While commendable, these regional efforts are only a partial solution. What's needed is an accelerated push by the federal government for national ratings. The Health and Human Services Department last month started publishing nursing home ratings. It plans to expand that to home health care next year, and eventually turn to hospitals and then doctors. The sooner the better.

Before patients can be expected to better manage their own health care, they must have solid data on physician quality. Doctors shouldn't keep them waiting any longer.

Posted 12/26/2002 7:55 PM     Updated 12/26/2002 7:55 PM
Medicine is more than science

Looking at facts and figures on a toaster oven or a car is easy. A toaster oven either toasts a bagel or it doesn't. A car's attributes, like miles per gallon, are also easily measured. But we all know that measuring the quality of medical care is a far more complicated task. That doesn't mean, however, that physicians are not committed to this effort.

In 1989, the American Medical Association (AMA) convened a group of private- and public sector health leaders to develop strong, fundamental attributes for clinical quality guidelines. At the time, generally accepted standards for clinical guidelines didn't exist, and abuses were rampant. The infamous Milliman & Robertson guidelines are a good example. Insurers embraced the M&R guidelines in the name of quality, but they soon came to be called the "black box" guidelines because physicians could not verify what studies or which experts helped shape them. Many believed these guidelines were being used simply to cut costs and limit care not enhance quality.

The AMA made it clear that a consensus of respected physicians or physician organizations must create and publicly endorse clinical quality guidelines. Such guidelines would focus on medical science, best practices and patient outcomes. Not on costs.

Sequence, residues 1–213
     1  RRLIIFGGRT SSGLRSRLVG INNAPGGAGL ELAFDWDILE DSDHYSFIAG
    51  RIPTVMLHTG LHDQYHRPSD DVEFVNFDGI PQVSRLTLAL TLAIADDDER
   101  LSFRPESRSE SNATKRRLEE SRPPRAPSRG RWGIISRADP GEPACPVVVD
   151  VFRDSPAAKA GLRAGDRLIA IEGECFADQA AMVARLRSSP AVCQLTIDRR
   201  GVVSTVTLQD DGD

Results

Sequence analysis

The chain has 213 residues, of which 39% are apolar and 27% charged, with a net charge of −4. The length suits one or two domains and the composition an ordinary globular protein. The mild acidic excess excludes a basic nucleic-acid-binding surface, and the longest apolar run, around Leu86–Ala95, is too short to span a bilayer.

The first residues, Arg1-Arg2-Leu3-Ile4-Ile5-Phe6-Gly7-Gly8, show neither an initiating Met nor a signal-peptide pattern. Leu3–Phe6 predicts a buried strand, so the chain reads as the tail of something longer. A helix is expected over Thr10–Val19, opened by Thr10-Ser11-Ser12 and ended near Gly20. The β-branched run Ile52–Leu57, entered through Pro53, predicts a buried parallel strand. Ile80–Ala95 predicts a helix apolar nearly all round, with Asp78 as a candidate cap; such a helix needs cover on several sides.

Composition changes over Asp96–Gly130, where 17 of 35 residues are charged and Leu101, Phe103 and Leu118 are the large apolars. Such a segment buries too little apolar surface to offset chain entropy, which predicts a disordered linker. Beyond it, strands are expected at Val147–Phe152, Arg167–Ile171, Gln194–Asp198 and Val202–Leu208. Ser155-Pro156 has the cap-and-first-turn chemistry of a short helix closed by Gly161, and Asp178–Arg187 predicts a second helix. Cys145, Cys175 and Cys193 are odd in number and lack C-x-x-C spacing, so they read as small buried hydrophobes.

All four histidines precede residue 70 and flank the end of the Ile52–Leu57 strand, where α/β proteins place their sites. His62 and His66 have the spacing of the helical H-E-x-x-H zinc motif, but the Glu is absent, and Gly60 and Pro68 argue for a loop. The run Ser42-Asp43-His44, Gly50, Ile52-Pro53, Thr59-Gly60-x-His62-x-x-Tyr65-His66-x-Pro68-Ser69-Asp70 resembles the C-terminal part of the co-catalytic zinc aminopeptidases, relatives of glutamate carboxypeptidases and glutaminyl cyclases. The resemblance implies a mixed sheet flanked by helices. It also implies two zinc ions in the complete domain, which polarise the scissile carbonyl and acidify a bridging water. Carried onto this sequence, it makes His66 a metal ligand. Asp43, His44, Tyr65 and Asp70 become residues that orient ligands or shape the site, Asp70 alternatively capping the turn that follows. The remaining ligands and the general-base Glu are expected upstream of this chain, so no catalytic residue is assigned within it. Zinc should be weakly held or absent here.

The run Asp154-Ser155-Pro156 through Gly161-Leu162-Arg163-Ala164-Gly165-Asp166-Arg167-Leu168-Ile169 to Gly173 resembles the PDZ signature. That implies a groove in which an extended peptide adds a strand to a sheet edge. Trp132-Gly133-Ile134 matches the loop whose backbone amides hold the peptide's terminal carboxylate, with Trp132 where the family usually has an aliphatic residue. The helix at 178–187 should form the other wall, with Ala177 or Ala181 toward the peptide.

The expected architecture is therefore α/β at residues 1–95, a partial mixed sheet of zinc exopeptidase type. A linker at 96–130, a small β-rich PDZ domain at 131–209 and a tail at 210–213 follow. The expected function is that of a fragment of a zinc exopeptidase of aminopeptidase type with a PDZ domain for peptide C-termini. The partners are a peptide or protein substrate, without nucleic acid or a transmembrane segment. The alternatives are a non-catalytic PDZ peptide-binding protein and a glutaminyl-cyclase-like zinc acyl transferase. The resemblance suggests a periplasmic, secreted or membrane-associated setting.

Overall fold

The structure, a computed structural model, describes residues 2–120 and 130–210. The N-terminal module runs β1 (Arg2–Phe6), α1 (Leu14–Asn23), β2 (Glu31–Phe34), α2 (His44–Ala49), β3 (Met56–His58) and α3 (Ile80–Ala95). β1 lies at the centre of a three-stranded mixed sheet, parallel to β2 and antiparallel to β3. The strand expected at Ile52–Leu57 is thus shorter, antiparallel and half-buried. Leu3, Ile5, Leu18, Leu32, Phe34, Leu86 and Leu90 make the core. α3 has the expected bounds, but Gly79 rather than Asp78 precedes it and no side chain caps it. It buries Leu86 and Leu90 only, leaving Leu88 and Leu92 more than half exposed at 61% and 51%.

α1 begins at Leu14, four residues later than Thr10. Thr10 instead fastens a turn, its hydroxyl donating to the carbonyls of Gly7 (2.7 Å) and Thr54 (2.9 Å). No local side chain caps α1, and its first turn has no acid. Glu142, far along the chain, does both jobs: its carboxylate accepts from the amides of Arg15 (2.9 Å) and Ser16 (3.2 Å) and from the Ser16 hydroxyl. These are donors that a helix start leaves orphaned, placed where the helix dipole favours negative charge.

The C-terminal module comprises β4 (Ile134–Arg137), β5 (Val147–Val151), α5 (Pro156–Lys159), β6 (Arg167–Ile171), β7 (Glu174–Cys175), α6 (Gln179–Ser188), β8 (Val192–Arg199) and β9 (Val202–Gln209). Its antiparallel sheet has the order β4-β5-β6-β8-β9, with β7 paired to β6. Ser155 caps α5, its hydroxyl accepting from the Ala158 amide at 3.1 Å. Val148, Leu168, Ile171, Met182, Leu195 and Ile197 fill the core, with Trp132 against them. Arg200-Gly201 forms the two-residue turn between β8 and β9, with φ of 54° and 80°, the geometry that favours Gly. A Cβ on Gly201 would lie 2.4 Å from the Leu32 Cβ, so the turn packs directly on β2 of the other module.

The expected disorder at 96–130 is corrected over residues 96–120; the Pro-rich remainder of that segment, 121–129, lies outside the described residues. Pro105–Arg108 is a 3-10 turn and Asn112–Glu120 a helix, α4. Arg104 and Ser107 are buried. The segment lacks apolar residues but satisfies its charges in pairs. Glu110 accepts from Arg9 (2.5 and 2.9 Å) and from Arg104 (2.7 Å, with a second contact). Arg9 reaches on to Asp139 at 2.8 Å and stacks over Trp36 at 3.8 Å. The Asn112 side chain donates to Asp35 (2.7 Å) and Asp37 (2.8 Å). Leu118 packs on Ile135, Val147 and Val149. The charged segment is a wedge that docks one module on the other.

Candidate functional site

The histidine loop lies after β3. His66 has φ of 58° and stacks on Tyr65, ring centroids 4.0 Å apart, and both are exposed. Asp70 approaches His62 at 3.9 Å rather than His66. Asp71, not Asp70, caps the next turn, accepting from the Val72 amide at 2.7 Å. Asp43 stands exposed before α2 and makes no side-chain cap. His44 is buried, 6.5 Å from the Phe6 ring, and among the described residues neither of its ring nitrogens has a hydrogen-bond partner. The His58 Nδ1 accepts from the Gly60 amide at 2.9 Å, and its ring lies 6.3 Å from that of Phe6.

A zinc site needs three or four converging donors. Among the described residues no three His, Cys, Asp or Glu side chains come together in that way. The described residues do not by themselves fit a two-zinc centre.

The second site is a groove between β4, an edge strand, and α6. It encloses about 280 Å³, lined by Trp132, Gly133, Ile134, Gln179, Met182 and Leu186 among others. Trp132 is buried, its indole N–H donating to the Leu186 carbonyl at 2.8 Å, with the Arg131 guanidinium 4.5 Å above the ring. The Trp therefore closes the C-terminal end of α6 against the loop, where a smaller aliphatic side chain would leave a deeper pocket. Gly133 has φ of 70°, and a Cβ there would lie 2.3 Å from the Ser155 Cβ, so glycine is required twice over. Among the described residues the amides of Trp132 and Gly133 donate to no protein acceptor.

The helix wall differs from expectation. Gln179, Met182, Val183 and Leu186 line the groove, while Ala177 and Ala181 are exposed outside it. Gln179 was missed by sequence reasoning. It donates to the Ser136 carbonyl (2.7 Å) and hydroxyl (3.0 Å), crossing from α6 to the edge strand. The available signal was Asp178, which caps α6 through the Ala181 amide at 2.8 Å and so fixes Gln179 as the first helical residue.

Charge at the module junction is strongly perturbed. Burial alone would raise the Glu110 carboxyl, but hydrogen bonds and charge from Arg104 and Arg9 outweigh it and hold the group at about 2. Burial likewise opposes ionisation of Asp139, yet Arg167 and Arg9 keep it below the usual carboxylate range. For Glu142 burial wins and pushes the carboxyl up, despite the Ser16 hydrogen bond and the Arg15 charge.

Today, the National Guidelines Clearinghouse provides physicians and the public with an electronic repository of current clinical quality guidelines, to be used as tools (not rules) and as guidebooks (not cookbooks). The AMA continues to convene physician experts not bureaucrats or bean counters to shape scientifically based measurement tools to help improve medical quality. This consortium has developed physician performance sets for preventive care, adult diabetes, coronary artery disease, prenatal testing, and major depression, and is developing sets for asthma and pneumonia.

And while such guidelines are needed to promote and achieve health-care quality, there must always be flexibility within these guidelines to account for the unique circumstances of each patient. Yes, medicine is a science, but it is also an art. Ultimately, patients will judge quality by whether their doctor is caring, compassionate and responsive to their health care needs. And while we must continually strive to improve quality, we should never forget that American medicine is still the envy of the world.

Yank Coble is president of the American Medical Association.